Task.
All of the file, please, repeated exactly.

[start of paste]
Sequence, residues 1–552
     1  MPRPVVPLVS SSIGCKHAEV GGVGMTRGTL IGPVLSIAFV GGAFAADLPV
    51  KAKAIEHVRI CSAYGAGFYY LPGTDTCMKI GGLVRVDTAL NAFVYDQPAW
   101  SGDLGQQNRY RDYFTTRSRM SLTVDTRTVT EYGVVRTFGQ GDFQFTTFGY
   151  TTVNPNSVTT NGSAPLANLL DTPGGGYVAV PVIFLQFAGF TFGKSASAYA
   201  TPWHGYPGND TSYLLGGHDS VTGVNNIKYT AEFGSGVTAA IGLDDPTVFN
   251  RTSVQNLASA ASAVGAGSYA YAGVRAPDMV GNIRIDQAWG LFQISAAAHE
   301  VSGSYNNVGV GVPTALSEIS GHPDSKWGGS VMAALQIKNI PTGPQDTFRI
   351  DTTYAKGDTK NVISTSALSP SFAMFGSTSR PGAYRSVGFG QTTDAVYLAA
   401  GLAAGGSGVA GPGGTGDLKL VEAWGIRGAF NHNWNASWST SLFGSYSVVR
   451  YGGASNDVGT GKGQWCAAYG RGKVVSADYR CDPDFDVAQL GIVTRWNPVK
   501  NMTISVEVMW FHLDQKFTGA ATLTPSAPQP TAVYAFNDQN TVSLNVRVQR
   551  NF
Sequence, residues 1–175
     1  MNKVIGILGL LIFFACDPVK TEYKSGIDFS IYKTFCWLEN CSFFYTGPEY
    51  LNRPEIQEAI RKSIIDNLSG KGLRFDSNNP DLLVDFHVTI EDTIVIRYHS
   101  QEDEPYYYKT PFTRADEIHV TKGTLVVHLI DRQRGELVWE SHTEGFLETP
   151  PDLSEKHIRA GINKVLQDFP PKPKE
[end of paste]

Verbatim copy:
Sequence, residues 1–552
     1  MPRPVVPLVS SSIGCKHAEV GGVGMTRGTL IGPVLSIAFV GGAFAADLPV
    51  KAKAIEHVRI CSAYGAGFYY LPGTDTCMKI GGLVRVDTAL NAFVYDQPAW
   101  SGDLGQQNRY RDYFTTRSRM SLTVDTRTVT EYGVVRTFGQ GDFQFTTFGY
   151  TTVNPNSVTT NGSAPLANLL DTPGGGYVAV PVIFLQFAGF TFGKSASAYA
   201  TPWHGYPGND TSYLLGGHDS VTGVNNIKYT AEFGSGVTAA IGLDDPTVFN
   251  RTSVQNLASA ASAVGAGSYA YAGVRAPDMV GNIRIDQAWG LFQISAAAHE
   301  VSGSYNNVGV GVPTALSEIS GHPDSKWGGS VMAALQIKNI PTGPQDTFRI
   351  DTTYAKGDTK NVISTSALSP SFAMFGSTSR PGAYRSVGFG QTTDAVYLAA
   401  GLAAGGSGVA GPGGTGDLKL VEAWGIRGAF NHNWNASWST SLFGSYSVVR
   451  YGGASNDVGT GKGQWCAAYG RGKVVSADYR CDPDFDVAQL GIVTRWNPVK
   501  NMTISVEVMW FHLDQKFTGA ATLTPSAPQP TAVYAFNDQN TVSLNVRVQR
   551  NF
Sequence, residues 1–175
     1  MNKVIGILGL LIFFACDPVK TEYKSGIDFS IYKTFCWLEN CSFFYTGPEY
    51  LNRPEIQEAI RKSIIDNLSG KGLRFDSNNP DLLVDFHVTI EDTIVIRYHS
   101  QEDEPYYYKT PFTRADEIHV TKGTLVVHLI DRQRGELVWE SHTEGFLETP
   151  PDLSEKHIRA GINKVLQDFP PKPKE